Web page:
- By Richard Hundhausen
As you’ve learned, each Azure DevOps project is based on a process that defines the building blocks for tracking work. Of the out-of-the-box system processes, the Scrum process most closely matches the Scrum Guide, but not entirely. There has been some drift over the past 10 years.
Fortunately, you can customize the Scrum process to make it more closely match the Scrum Guide, and even your own organization or team’s specific needs. Achieving this requires you to create an inherited process first and then make customizations to that. Any changes you make to the inherited process automatically appear in the projects that use that process. You cannot make changes to the system processes.
You primarily customize a process by adding or modifying its work item types. This is done through an administrative user interface in the web portal.
The general sequence for process customization looks like this:
Create an inherited process Select a system process (for example, Scrum) and create an inherited process (such as Professional Scrum) based on it.
Customize the inherited process Add or modify work item types, work item fields, work item workflow states, and work item form UIs. You can also update backlog behavior.
Apply inherited process to project(s) Create new projects using the inherited process or change existing projects to use the new inherited process.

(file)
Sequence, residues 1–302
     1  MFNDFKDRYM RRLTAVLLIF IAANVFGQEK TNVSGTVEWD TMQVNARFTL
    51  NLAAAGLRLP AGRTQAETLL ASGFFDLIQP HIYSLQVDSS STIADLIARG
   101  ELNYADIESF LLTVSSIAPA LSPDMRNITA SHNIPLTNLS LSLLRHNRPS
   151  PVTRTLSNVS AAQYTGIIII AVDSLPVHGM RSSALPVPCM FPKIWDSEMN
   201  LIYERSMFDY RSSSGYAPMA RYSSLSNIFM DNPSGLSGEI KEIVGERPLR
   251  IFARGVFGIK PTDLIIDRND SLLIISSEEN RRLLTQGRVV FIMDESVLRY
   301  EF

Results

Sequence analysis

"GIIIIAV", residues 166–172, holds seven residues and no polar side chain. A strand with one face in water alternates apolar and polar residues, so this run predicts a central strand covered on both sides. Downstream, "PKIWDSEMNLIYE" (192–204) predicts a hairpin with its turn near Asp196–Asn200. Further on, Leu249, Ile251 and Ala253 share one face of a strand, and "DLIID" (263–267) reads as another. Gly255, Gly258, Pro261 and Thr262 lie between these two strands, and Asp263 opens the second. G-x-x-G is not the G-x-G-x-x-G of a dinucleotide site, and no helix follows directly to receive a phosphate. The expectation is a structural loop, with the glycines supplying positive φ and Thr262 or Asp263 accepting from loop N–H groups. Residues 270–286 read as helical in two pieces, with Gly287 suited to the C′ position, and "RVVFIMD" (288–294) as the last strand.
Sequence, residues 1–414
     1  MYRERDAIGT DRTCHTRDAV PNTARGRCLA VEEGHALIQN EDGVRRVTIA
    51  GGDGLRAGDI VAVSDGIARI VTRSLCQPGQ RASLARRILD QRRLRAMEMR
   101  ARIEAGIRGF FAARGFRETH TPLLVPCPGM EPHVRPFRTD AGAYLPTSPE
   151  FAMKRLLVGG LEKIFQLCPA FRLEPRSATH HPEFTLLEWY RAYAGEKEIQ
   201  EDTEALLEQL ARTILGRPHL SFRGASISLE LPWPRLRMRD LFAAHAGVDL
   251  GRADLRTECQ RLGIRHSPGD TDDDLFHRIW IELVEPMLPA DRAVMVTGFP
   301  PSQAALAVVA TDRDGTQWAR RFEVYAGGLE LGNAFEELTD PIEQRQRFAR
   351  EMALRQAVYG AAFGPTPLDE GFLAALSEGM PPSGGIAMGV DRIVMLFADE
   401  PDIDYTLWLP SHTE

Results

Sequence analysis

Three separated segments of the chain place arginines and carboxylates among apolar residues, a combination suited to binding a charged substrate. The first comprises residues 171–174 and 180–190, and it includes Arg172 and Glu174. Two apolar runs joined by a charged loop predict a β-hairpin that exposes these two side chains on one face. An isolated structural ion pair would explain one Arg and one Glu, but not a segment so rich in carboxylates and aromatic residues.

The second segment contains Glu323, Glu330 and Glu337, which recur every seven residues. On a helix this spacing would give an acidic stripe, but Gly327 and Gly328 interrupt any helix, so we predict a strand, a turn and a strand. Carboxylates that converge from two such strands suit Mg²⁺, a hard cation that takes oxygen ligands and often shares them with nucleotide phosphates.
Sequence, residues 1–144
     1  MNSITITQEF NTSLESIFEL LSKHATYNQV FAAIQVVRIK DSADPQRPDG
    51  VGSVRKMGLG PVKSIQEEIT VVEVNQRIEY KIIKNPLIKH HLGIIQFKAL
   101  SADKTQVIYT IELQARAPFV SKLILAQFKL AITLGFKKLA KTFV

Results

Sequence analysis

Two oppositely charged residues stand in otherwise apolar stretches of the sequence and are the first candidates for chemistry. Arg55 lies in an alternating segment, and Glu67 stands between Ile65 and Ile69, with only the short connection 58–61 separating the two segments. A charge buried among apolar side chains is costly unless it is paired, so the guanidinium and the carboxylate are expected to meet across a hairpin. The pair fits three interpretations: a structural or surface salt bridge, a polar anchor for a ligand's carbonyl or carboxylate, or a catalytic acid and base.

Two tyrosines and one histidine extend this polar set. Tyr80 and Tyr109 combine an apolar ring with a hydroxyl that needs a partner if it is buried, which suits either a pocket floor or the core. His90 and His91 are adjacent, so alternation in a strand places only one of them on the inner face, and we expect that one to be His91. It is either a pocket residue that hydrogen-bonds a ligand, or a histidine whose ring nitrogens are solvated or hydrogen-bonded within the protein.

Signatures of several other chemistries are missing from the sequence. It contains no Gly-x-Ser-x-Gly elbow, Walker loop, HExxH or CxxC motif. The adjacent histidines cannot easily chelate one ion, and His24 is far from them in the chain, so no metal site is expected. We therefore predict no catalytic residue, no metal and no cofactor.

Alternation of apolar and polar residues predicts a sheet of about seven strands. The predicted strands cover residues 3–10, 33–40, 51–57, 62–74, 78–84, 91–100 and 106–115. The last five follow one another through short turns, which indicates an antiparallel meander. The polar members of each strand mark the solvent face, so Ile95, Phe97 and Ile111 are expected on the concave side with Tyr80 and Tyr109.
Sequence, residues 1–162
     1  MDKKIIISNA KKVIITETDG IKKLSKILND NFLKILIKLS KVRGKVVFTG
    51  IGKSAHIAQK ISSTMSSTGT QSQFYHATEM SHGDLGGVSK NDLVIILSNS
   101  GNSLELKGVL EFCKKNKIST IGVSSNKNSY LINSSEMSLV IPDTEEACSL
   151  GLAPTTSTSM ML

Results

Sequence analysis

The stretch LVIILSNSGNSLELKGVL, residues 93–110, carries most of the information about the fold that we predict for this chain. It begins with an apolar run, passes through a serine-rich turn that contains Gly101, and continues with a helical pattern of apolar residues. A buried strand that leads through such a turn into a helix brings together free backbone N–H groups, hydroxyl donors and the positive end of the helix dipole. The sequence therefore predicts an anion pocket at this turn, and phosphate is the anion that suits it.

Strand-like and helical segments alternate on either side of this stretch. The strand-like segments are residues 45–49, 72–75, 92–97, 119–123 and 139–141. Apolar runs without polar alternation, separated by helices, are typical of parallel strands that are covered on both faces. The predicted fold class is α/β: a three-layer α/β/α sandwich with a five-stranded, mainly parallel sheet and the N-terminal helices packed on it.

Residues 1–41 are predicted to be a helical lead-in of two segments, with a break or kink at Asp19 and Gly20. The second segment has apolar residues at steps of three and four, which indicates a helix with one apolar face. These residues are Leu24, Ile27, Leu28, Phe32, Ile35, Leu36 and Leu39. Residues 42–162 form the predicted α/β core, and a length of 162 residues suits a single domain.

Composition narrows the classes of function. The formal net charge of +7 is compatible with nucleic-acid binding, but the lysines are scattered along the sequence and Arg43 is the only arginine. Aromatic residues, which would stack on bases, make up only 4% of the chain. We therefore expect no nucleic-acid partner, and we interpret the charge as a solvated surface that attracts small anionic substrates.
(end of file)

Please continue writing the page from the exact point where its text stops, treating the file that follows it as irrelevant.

Refresh and verify Refresh the web portal and explore the changes to the work items and backlogs.
Professional Scrum Process
If your organization or team cares about the Scrum Guide and wants to address the drift between it and the system Scrum process, you should consider following the instructions in this section to create a custom, inherited Professional Scrum process. Doing so is completely optional but may result in a better experience for Scrum teams. It will also help organizations and teams that are just adopting Scrum where precise language and terms are important for establishing a new mental model.
Process customization takes place at the organization level (or at the collection level for the on-premises Azure DevOps Server). You can select any of the system processes and create an inherited process, as I’ve done with the Scrum process in Figure 3-16.
FIGURE 3-16 Creating a Professional Scrum process from the Scrum system process.
After I create the inherited Professional Scrum process and set it to be the default process, I then disable the Bug work item type. This allows the Scrum Team to use the PBI work item type for all work in the Product Backlog. Teams can add a “Bug” tag to those PBIs if they wish.
Next, I update the Product Backlog Item work item type, making the following changes:
Hide the Priority and Value Type fields from the layout I would like to remove these fields altogether, but that customization isn’t allowed in Azure Boards.
Change the Effort label to Size I could also create a new Size field behind the scenes, but I will leave the Effort field in use.
Change the Business Value label to “Value” I could also create a new value field behind the scenes, but I will leave the Business Value field in use.